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Amber Paulen

Why Write? by George Orwell

Even though winter is my least favorite season, reading inside when it’s cloudy and cold out is an intense pleasure (ok, reading anywhere, anytime is a pleasure). This weekend I finished The Luminaries by Eleanor Catton and began in on a collection of George Orwell’s essays I picked up in Brussels. Catton’s book was best enjoyed as a finely structured thing, while Orwell’s essays are best for their clarity of mind. His writing runs smooth so that the work of reading and comprehending seems to go unnoticed.

The first essay in the collection is “Why I Write.” Beyond a writer’s childhood influences there are four reasons why Orwell thinks he and other writers write. These reasons are

1. Sheer egoism. Desire to seem clever, to be talked about, to be remembered after death, to get your own back on grown-ups who snubbed you in childhood, etc. etc…. After the age of about thirty [humans] abandon individual ambition—in many cases, indeed, they almost abandon the sense of being individuals at all—and live chiefly for others, or are simply smothered under drudgery. But there is also the minority of gifted, willful people who are determined to live their own lives to the end, and writers belong in this class.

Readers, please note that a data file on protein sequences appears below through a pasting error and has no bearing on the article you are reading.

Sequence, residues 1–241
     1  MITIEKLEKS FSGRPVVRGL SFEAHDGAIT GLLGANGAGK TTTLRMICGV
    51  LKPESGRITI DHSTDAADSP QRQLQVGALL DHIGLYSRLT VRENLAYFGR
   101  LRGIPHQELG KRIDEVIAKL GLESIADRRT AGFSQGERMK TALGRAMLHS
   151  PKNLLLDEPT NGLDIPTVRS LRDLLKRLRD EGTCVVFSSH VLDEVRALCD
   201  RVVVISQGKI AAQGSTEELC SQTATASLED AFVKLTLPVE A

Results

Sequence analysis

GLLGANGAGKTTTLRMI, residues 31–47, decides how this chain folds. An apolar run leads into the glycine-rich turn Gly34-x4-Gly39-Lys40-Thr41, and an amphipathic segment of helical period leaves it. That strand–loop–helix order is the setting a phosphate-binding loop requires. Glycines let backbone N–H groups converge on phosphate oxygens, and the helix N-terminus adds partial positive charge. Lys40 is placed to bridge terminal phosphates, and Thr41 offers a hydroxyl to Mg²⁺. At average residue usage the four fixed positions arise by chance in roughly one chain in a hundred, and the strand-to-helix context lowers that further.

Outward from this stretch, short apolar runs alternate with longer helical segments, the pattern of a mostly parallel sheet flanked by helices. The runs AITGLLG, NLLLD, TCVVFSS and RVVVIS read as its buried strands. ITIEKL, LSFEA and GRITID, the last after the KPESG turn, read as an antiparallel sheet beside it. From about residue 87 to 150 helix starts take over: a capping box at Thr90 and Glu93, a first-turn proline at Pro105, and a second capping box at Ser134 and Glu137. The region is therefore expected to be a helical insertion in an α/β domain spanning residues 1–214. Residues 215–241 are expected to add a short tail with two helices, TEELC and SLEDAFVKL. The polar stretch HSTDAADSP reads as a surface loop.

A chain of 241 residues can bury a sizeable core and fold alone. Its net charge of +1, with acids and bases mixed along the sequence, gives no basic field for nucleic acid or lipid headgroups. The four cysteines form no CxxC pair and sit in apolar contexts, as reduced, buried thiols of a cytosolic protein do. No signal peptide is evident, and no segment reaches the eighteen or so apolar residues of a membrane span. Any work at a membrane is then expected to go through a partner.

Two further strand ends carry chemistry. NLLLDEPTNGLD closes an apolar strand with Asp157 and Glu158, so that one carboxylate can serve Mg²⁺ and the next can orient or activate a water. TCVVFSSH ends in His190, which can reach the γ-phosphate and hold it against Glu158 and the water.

2. Aesthetic enthusiasm. Perception of beauty in the external world, or, on the other hand, in words and their right arrangement. Pleasure in the impact or one sound on another, in the firmness of good prose or the rhythm of a good story.

3. Historical impulse. Desire to see things as they are, to find out true facts and store them up for the use of posterity.

4. Political purpose—using the word “political” in the widest possible sense. Desire to push the world in a certain direction, to alter other people’s idea of the kind of society that they should strive after.

All this seems sound to me, though number one surprised me twice. Once for the implication, “Egoistic? Me?” and twice for the humor of Orwell’s explanation of egoism as a protective coat for the individual. Near the end of the essay, Orwell writes

Writing a book is a horrible, exhausting struggle, like a long bout of some painful illness. One would never undertake such a thing if one were not driven on by some demon whom one can neither resist nor understand… And yet it is also true that one can write nothing readable unless one constantly struggles to efface one’s own personality. Good prose is like a window pane.

Orwell’s consciousness as a writer, his reflections on his reflections, might be part of what gives his writing such a clear, smooth quality. He is a writer I’m beginning to know, but one that will stay with me for a very long time.

See also Mavis Gallant’s thoughts on why writers write and my thoughts on Orwell’s essay ‘Politics and the English Language’.


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